Online Betting Guide

Belgium introduces new gambling reforms

BGC new gambling reforms

Belgium is the latest country proposing restrictions to gambling advertising.

Back in June, the Belgian Justice Minister, Koen Geens, announced plans to crack down on gambling advertising and it appears he has followed through with the support of the Belgium Gaming Commission (BGC).

While the proposed restrictions ban gambling advertisements during live sporting events before 8pm, licensed bookmakers will be able to run ads immediately before and after sports broadcasts in the afternoon, provided they include a responsible gambling message and a disclaimer that minors are prohibited from gambling. The ban applies to all mediums including TV, radio, webcasts and other media platforms.

Gambling companies will also be prohibited from advertising via screen banners and half-time commercials.

Additionally, ads promoting gambling services will be banned from being broadcast during children’s programs, with the ban extended to 15 minutes before and after the show.

Youth sports teams are off limits when it comes to gambling advertising too, including on uniforms and equipment.

Online gambling wasn’t spared, with the minimum age to gamble online increased from 18 to 21 under the proposed reforms.

Marketing materials also have to include responsible gambling messages, with monetary penalties in place for operators which breach the rules.

Land-based gambling operations will also face a regulatory overhaul, with the number of betting shops legally allowed to operate dropping from 684 to 600.

Local councils will be involved in the culling process and they will have more input in regulations including opening hours.

Electronic gaming machines will be capped at four per venue at bars and other gaming venues, while an electronic identity card will be required to operate the coin-only machines.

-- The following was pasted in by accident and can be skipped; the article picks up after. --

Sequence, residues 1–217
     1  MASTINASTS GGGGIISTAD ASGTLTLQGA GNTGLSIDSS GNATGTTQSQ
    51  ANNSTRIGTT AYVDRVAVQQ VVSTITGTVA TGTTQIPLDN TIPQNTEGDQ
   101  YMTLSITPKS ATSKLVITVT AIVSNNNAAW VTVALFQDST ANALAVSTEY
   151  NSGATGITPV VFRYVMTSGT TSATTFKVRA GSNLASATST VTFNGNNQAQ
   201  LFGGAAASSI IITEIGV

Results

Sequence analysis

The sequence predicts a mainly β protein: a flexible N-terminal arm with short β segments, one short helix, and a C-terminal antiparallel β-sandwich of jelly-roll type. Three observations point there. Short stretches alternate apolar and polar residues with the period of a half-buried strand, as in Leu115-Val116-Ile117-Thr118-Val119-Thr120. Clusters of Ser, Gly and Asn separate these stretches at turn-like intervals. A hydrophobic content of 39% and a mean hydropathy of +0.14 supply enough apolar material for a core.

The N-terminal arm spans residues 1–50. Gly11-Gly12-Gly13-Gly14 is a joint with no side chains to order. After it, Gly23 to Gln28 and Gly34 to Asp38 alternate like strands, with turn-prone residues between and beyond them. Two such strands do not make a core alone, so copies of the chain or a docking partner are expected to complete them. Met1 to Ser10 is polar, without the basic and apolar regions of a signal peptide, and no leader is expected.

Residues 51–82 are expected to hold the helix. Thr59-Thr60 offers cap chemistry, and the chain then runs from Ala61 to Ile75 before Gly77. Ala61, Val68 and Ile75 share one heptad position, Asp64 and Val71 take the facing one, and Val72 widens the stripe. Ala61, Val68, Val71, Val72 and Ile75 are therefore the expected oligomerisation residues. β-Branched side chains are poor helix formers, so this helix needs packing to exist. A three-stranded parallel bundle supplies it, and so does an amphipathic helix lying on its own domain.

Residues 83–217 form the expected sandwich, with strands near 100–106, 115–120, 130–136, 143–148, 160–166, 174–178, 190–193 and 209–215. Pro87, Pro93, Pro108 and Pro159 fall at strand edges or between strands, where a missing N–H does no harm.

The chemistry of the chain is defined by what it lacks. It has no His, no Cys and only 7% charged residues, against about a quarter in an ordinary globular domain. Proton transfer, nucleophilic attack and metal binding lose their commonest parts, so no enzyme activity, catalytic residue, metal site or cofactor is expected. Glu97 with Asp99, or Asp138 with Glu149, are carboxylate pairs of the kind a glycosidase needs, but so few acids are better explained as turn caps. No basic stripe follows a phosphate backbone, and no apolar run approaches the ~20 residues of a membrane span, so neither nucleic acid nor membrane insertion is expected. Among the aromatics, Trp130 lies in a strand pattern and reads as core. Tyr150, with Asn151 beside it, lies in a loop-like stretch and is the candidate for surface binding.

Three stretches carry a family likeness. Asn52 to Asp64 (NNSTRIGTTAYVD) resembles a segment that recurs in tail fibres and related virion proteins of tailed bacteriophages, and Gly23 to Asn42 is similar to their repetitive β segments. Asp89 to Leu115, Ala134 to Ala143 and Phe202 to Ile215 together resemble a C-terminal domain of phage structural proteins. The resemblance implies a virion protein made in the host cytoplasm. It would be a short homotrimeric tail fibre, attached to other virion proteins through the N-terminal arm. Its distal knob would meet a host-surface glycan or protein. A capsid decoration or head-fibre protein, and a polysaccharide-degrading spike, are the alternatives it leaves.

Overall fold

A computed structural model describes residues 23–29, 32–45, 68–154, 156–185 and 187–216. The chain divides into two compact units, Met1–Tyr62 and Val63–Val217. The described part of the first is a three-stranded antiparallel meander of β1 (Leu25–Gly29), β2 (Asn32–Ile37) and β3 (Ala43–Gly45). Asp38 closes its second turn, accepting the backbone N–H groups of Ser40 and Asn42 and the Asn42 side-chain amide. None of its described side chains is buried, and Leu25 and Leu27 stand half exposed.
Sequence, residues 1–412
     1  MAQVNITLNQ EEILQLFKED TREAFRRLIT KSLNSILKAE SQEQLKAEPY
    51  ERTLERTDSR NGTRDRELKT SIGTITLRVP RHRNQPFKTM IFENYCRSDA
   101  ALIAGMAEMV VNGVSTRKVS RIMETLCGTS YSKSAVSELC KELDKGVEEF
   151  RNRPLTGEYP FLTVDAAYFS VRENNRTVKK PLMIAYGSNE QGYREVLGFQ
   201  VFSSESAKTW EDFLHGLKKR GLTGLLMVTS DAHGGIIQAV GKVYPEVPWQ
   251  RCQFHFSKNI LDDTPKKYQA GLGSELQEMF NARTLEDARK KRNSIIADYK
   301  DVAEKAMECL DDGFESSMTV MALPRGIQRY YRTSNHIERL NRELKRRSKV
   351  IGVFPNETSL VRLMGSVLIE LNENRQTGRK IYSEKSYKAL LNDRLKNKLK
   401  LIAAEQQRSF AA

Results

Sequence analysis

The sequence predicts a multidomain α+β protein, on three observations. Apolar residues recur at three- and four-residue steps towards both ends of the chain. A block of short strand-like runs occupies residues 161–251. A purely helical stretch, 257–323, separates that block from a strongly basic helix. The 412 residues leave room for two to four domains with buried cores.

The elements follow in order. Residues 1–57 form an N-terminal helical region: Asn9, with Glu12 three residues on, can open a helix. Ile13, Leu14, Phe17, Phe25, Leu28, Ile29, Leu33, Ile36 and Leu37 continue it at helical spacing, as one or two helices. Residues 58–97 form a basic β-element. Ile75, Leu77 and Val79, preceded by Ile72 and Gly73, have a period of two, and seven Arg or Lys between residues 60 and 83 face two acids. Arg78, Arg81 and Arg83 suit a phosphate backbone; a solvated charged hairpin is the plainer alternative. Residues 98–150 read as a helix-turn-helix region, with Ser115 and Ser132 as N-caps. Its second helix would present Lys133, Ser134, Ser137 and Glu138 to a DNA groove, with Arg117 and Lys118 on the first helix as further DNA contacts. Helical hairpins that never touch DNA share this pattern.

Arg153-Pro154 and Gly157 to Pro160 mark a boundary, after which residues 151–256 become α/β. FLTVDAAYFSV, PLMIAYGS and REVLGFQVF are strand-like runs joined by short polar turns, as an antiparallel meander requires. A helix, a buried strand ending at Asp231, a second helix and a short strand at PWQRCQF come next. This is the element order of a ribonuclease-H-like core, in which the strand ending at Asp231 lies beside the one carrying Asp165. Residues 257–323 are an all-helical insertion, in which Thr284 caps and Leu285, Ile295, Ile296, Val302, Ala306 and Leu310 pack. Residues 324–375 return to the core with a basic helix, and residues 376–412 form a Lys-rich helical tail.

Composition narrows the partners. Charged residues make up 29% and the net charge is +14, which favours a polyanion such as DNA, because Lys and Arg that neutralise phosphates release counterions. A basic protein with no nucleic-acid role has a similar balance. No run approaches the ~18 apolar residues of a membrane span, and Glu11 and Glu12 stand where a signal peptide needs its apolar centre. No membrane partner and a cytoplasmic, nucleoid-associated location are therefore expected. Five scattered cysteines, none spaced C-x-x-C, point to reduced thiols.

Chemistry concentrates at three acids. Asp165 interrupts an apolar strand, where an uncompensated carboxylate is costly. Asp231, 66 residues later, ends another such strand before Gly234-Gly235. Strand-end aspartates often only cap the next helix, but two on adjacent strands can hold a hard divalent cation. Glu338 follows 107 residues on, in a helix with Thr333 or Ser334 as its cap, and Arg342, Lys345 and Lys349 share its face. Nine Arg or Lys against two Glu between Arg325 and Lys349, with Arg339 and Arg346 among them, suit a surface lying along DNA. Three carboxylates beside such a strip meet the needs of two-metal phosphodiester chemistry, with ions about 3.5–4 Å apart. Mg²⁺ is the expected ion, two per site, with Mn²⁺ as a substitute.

While the restrictions have not yet been enforced, the country’s Council of Ministers has approved the policy. Additionally, the BGC has issued a statement supporting the new reforms.

Last month, the BGC released an updated version of its blacklist – a list of gambling companies blocked from servicing Belgian players.

While the list is constantly expanding, one gambling company managed to stay off it by blocking Belgian players.

Online betting company Dafabet, which sponsors Scottish footballers Celtic FC, reached out to the Belgian gaming regulator before the Celtics played Belgian Pro League team R.S.C Anderlecht, requesting advice to avoid ending up on the blacklist.

Following BGC’s recommendations, Dafabet blocked Belgian players from accessing its online gambling services in the lead up to the football match.

“The Gaming Commission appreciates the responsibility that Dafabet has taken upon itself to observe the Belgian Gaming and Betting Act, legislation that protects players against unchecked and illegal gambling,” the BGC said in a statement on its website.

The new reforms restrict Belgium’s gambling landscape further, with the BGC threatening to fine players who visit unauthorised offshore online gambling sites.

However, the gaming commission may have its work cut out for it given the recent incident involving local police officers allegedly using private citizens’ data to open online gambling accounts. Reportedly, 30 officers from the officers Antwerp Police Service gambled online using their new aliases during business hours. Under Belgium law, police officers are banned from gambling at casinos and online.